Today: Book nerds bite back and meet the service dog who moved us to tears
Books translated into Trump-speak are making many laugh on Twitter; a picture of an autistic five-year-old meeting his service dog for the first time (and his mum's reaction) is moving thousands on Facebook; Chinese social media users are arguing for more zombies for Halloween; and some Russians want the BBC banned following the closure of a Russian TV network's bank accounts in the UK.
First up... revenge of the book nerds
I got memes, the best memes! The last debate between Hillary Clinton and Donald Trump has generated a slew: women who are embracing Mr Trump's calling her "a nasty woman" and those mocking his use of the phrase "bad hombres".
But the funniest has to be #TrumpBookReport. Anti-Trump bibliophiles are using the hashtag to skewer his policies and make fun of the way he speaks. More than 40,000 tweets of the hashtag have been sent in the last 12 hours.
The trend appears to have kicked off in response to a tweet from Antonio French in St Louis, Missouri. "Trump's foreign policy answers sound like a book report from a teenager who hasn't read the book. 'Oh, the grapes! They had so much wrath!'" he joked.
And thousands of people piled in:
"Narnia? Disaster. Very open borders in that wardrobe which is Hillary's fault. Many many people pass through illegally. "
"Look, I don't know Voldemort. He said nice things about me. If we got along with the Death Eaters, wouldn't be so bad."
"Lolita. Beautiful woman. Phenomenal woman. In ten years, I'll be dating her. That Humbert Humbert guy. So low-energy. Sad!"
"Uncle Tom's Cabin, worst cabin in the inner city. Terrible schools. Nasty women & bad hombres everywhere."
"Juliet. Such a nasty woman. She made Romeo kill himself. And believe me he could have done better. Look at her."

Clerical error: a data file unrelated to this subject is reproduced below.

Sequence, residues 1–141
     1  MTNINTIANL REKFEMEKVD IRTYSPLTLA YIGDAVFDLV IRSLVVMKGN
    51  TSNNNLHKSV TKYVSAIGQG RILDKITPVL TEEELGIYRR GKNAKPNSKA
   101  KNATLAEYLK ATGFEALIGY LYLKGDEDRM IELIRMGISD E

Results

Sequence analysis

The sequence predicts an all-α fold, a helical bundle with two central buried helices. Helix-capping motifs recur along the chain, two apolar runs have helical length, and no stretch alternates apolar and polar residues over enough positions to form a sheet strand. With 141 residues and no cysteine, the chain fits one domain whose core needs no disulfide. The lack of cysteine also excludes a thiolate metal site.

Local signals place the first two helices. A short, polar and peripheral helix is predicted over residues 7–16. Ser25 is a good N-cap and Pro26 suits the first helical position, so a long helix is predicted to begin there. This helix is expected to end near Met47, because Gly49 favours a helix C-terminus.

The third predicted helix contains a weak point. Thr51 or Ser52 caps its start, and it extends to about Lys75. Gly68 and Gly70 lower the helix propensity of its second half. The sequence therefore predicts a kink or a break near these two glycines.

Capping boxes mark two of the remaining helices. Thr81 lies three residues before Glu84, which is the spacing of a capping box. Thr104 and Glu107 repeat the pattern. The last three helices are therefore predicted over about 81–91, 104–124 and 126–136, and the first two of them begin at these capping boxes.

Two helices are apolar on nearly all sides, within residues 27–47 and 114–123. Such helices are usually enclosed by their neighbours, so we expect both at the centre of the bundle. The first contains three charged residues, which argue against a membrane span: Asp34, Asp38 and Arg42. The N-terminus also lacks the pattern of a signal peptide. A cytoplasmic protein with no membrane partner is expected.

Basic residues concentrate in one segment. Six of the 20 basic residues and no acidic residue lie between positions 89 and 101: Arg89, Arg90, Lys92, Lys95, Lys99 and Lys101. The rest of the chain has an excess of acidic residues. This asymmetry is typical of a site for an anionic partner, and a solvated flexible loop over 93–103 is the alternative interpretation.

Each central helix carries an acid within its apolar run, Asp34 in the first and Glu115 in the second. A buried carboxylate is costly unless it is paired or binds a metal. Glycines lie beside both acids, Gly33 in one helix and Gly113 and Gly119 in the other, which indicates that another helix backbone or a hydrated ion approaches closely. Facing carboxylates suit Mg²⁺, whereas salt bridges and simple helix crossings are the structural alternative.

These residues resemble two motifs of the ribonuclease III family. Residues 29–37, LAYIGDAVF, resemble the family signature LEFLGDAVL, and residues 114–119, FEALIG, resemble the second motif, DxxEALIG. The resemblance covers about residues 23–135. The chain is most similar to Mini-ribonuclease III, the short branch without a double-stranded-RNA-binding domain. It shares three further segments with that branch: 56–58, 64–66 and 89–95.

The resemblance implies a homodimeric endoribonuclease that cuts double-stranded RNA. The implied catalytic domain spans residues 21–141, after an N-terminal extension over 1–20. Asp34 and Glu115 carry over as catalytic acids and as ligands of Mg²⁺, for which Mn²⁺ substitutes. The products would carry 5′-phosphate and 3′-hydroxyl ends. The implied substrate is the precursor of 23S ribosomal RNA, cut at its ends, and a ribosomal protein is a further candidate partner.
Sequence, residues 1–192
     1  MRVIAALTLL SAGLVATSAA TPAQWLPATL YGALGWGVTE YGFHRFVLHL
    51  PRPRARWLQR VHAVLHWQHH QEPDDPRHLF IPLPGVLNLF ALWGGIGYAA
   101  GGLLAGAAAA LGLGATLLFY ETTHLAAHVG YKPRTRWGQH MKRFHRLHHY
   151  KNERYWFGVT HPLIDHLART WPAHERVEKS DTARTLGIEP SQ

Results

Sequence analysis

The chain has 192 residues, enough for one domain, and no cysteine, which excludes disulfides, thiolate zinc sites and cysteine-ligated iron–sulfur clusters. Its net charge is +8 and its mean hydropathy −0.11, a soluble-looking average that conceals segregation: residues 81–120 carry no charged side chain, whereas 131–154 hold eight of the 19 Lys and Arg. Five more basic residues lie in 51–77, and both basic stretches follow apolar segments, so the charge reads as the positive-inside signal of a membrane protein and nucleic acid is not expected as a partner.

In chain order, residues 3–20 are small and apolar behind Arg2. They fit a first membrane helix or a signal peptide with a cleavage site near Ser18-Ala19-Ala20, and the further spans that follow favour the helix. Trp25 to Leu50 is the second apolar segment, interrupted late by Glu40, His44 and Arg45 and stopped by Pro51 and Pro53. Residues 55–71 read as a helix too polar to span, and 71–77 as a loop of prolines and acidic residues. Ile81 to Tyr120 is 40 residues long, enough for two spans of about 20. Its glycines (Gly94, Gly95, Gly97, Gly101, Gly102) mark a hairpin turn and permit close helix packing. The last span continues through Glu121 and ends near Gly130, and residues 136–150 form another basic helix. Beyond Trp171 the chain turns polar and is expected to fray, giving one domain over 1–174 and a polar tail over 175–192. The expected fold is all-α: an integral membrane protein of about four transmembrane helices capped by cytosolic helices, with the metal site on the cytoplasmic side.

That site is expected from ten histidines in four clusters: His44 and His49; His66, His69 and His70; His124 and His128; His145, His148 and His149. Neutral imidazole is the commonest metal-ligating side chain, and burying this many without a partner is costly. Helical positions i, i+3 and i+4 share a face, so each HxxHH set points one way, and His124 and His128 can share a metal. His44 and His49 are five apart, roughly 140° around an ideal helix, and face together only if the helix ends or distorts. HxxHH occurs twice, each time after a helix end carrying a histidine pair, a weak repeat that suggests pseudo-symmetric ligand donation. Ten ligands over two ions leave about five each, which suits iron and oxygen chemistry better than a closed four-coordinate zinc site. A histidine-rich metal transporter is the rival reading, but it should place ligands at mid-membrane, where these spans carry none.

Some Trump supporters used the hashtag as well, but mainly to score points against Hillary rather than joining in the game.
Holding back tears
A picture of a young autistic boy laying his head on a dog as his mother cries silently behind them, has touched thousands on Facebook.
Five-year-old Kainoa Niehaus travelled to the 4 Paws For Ability centre in Ohio from Japan after two years of waiting for an animal to become available.
4 Paws For Ability, quotes Kainoa's mum in their Facebook post, here she describes just what it means to her to have a service pet in the family:
"This picture captures the face of a mother who saw her child, who she can't hug, wash, dress, snuggle and touch freely lay on his new service dog of his own free will, with a purposeful unspoken attachment.
"This is the face of a mom who has seen her son experience countless failed social interactions on the playground in an attempt to have a friend. Any friend. Any kind of connection. She has sat with her son while he has cried at night for months because he has no consistent connections outside of the family no matter how hard he tries and no matter what he works hard on in his Autism therapies...
"And now she is sitting behind her son silently watching this moment, with the air sucked from her lungs, and no words to say...
"I have cried so many times for this boy, but this is the very first time I have cried for a reason like this."
The post on the Facebook has been shared hundreds of thousands of times, with many posting pictures of how their own dogs have helped their families.
Chinese city fights zombies
It's still more than a week to go to Halloween but zombies - alright, people dressed as zombies - have already been spotted in the city of Chengdu this week. This has prompted a warning from the authorities that they are not welcome. "Passengers are not only frightened, but it damages the city's image," local media said.
Other major cities in China, such as Beijing and Guangzhou, last year warned that people dressing up in costume and travelling on the subways could be arrested and revellers were urged to avoid transport systems in case they spooked other passengers.
In Chengdu, this news has sparked a debate on whether such a ban should be imposed. Thousands of people are discussing the topic on Sina Weibo, China's equivalent of Twitter. Many are defiant, saying it's "good fun". Others cautioned that such costumes can scare children.
Additional reporting by BBC Monitoring
Russians want tit-for-tat ban on BBC
The reported closure of the bank accounts of the Russian state-funded broadcaster RT (also known as Russia Today) in the UK has led to some Russians calling for the same to be done to BBC accounts in Russia on Twitter and VKontakte, the country's equivalent of Facebook.
While there hasn't been a huge response to the story (yet) we may see more comments like these appear in the coming days:
"Let's block BBC accounts and the rest of the hostile network."
"Goodbye, BBC Russian Service."
"This language they understand. An eye for an eye."